September 29, 2017 – Varied Sittella, Australian Nuthatch, Orange-winged Sittella, or Barkpecker (Daphoenositta chrysoptera)

Found in woodlands throughout much of Australia, there are five subspecies of these birds which vary quite a bit in their patterning. They eat insects, searching for prey as they move down tree trunks or along branches. Their deep cup-shaped nests are built from bark and spiderweb in the forks of branches. Often breeding cooperatively, pairs may have several helpers, though only breeding females incubate the eggs and brood the chicks.



September 28, 2017 – Croaking Ground-Dove or Peruvian Ground-dove (Columbina cruziana)

These doves are found in arid and semi-arid open areas in extreme southwestern Colombia and western Peru, Ecuador, and Chile. They forage for seeds on the ground in flocks. Though little is known about their breeding habits, they have been observed nesting in all months except September and October in Ecuador. Their call is a distinctive croaking sound unlike the calls of most dove species.


September 27, 2017 – Kelp Gull, Dominican Gull, or Southern Black-backed Gull (Larus dominicanus)

These large gulls are found throughout much of the Southern Hemisphere. They eat a large variety of foods, including fish, mollusks, birds, small mammals, crustaceans, insects, and berries, also foraging at refuse dumps and sometimes stealing food from other birds. Breeding in colonies that can include hundreds of pairs, they build nests from dry vegetation or seaweed, on rock, sand, or mud. Both parents incubate the eggs and care for the chicks.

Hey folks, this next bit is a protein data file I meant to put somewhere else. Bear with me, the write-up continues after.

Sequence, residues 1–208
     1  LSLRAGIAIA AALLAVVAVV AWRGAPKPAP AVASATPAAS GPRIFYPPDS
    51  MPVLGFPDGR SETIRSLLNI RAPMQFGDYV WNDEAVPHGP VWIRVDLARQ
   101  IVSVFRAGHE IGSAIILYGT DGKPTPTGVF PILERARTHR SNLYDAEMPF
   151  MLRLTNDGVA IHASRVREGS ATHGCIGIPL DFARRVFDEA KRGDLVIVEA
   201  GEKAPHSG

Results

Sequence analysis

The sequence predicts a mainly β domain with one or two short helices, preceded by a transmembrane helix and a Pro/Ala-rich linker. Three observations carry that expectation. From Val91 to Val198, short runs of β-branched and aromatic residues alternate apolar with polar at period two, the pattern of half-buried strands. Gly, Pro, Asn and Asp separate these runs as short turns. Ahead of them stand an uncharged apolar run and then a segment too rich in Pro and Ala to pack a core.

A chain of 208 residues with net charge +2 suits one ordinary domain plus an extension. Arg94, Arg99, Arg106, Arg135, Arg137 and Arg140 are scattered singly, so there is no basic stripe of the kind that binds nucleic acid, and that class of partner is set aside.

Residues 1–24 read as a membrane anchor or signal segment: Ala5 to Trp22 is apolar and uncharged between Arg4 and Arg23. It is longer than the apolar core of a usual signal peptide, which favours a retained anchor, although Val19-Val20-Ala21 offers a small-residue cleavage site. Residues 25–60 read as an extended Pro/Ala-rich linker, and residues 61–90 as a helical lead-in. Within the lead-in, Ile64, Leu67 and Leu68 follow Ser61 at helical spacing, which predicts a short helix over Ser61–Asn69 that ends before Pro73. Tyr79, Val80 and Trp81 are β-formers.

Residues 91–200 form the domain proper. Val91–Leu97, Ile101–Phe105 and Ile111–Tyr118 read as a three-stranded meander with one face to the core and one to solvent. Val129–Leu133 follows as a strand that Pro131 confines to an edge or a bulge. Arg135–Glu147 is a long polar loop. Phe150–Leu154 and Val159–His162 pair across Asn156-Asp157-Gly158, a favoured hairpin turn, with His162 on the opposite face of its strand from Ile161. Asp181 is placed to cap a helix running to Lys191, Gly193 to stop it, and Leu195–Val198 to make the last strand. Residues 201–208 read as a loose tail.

September 26, 2017 – Violet Cuckoo (Chrysococcyx xanthorhynchus)

These cuckoos are found in parts of South and Southeast Asia, as well as in southern China. They eat insects, including flies, beetles, and caterpillars, along with fruit, foraging while walking along branches or catching their prey in the air. Like some other cuckoo species they are brood parasites, laying their eggs in the nests of sunbirds and spiderhunters.


September 25, 2017 – Northern Pygmy-Owl (Glaucidium gnoma)

These tiny owls are found in parts of western North America, through Mexico and into parts of northern Central America. Mostly hunting during the day, they eat small birds and mammals, along with some insects and reptiles. Despite their small size, they sometimes take prey much larger than themselves, like California Quails or Northern Flickers. Pairs nest in tree cavities, which they don’t excavate themselves, reusing those made by woodpeckers or rot, but occasionally adding feathers, moss, or other materials as lining. Females incubate the eggs, while males hunt, bringing food to their mates and chicks.


September 24, 2017 – Senegal Coucal or Rufous-bellied Coucal (Centropus senegalensis)

These cuckoos are found in three separate populations, in Egypt, across much of central Africa, and in part of southeastern Africa. They eat insects, frogs, small rodents, reptiles, and smaller birds and their eggs. Pairs are likely monogamous and breed during rains, which make grasses easier to build with and tall enough to hide their nests. Females build the dome-shaped nests from grasses, twigs, and green leaves. Males incubate the eggs alone and both parents feed the chicks.


September 23, 2017 – Long-billed Plover (Charadrius placidus)

These plovers are found in eastern Russia, northeastern and eastern China, Korea, Japan, and parts of South and Southeast Asia. Little is known about their diet, but it probably includes flies and beetles. They breed in gravely and stony areas near rivers and lakes. Though they are classified as a species of Least Concern, their population is thought to be in decline due to habitat destruction.